Favorite science news sources
Most of the entries on this list are magazines, but not all are and this list is by no means meant to be comprehensive. There are certainly lots of niche publications and websites out there that cater to all manner of scientific interests.
- Popular Science: Very easy to read content. Sort of like the “People” magazine of the science world. A little bit of hype but mostly pretty good information.
- ScienceDaily.com: This website publishes the raw, unaltered press releases sent out daily by news organizations associated with scientific research institutes across the country and the world. This web site is an excellent source for up-to-the-minute published research, but you should approach with caution. Remember, the content is not reported or edited but is the sole opinion of the public realtions person who wrote it. View with a critical eye.
- National Geographic Magazine: Nat Geo is an icon. Who at “my age” did not grow up in a home with at least one bookshelf graced by the yellow binding of this 121-year old institution? The stories are beautifully written and the photography unmatched. NatGeo doesn’t spend much time on the “hard” sciences but more on people, culture, archeology, and anthropology. I spent hours poring over this magazine growing up.
- Natural History: The American Museum of Natural History is among the most famous and most inspiring museums in the world. Its magazine, Natural History, possesses many of the same qualities of its host: stunning visuals and engaging text that makes you feel as though you have just experienced an exhibit right in your living room. Like NatGeo, Natural History focuses on culture and people – a nice break from the hard stuff once in a while.
- Discover Magazine: A pretty good place to start if you want to know what’s what in the world of “science, technology and the future.” A broad array of topics covered that are scientifically sound as well as entertaining without coming across as sensationalistic.
- Science News: Don’t have much time? Then Science News is the science magazine for you. Published by the Society for Science and the Public, this bi-weekly will keep you current on all sorts of important science-y stuff. Stuff it in your briefcase and read it on the subway. Smart guys will respect you.
- Sky and Telescope: Who doesn’t love space science? OK, well I know it is not for everyone, but if you are fascinated by the sun, the moon, stars and planets and you actually own a telescope (or wish you did), read this magazine. There are lots of how-to guides to get you outside and looking up.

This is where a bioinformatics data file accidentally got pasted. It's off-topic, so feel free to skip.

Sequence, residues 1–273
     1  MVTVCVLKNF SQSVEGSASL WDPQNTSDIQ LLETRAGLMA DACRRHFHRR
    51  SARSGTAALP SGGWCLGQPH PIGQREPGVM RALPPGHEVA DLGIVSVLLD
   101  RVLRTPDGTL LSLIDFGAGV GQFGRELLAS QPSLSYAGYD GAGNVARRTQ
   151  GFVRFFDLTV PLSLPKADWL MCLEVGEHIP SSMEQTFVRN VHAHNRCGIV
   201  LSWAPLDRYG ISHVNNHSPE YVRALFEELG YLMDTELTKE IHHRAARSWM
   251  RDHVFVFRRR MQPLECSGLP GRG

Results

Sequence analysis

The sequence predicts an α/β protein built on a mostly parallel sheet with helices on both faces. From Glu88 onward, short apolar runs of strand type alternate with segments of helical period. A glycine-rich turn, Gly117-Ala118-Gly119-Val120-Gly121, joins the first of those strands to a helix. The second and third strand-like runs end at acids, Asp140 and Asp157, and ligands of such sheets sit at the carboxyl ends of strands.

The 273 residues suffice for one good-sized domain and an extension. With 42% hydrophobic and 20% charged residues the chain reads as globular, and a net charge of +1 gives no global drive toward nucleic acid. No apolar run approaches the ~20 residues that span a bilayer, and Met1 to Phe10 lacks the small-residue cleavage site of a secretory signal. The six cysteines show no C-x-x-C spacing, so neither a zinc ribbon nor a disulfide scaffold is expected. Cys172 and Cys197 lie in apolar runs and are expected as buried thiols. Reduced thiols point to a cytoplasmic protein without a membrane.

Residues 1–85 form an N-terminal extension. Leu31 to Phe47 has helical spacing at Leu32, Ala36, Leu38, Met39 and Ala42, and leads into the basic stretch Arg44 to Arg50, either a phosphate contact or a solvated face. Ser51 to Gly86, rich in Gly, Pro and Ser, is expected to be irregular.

- Scientifc American: SciAm is practically tied with Discover for the types of stories they cover and its style. I used to like this magazine more in the “olden days”, when it was heftier and its content more challenging – or maybe I knew less then. This magazine’s strength, however, is its fearless approach to cover math and physics more than most other science-oriented magazines. In addition, SciAm is older than NatGeo and boasts a cadre of past writers such as Albert Einstein, Linus Pauling, and Francis Crick. I have to give credit where it is due.
- New York Times Science Section: One of the last remaining newspaper science sections, which runs each Tuesday. Always well written and insightful, timely and usually ahead of the crowd in the topics they cover. What would you expect?
- New Scientist: This magazine, like the others, is written for a general audience, but something about it doesn’t quite feel that way. I can’t put my finger on it, but the magazine just feels smarter. When I read New Scientist, I sometimes have the impression as though I am reading the lecture notes from a really good professor, one who knows how to take you by the hand and lead you through the complexities of a subject without dumbing it down. Good stuff.
- Seed: Hands down, Seed is my favorite science magazine, probably ever. Seed goes beyond merely reporting about science but helps you understand it in its global context. Its content is not limited by scientific disciplines but reaches out into policy, culture, theory and speculation about the future. If you read a few issues, you will very quickly be so informed on the most important ideas surrounding science and society that people may wonder when you had time to earn your PhD. It is that awesome. And even more awesome is Seed’s efforts to collect for you a list of the best of the best blogs out there in cyberspace, which are aggregated on its Science Blogs website. Consider it sort of a peer-reviewed, vetted list of science blogs with super high quality content.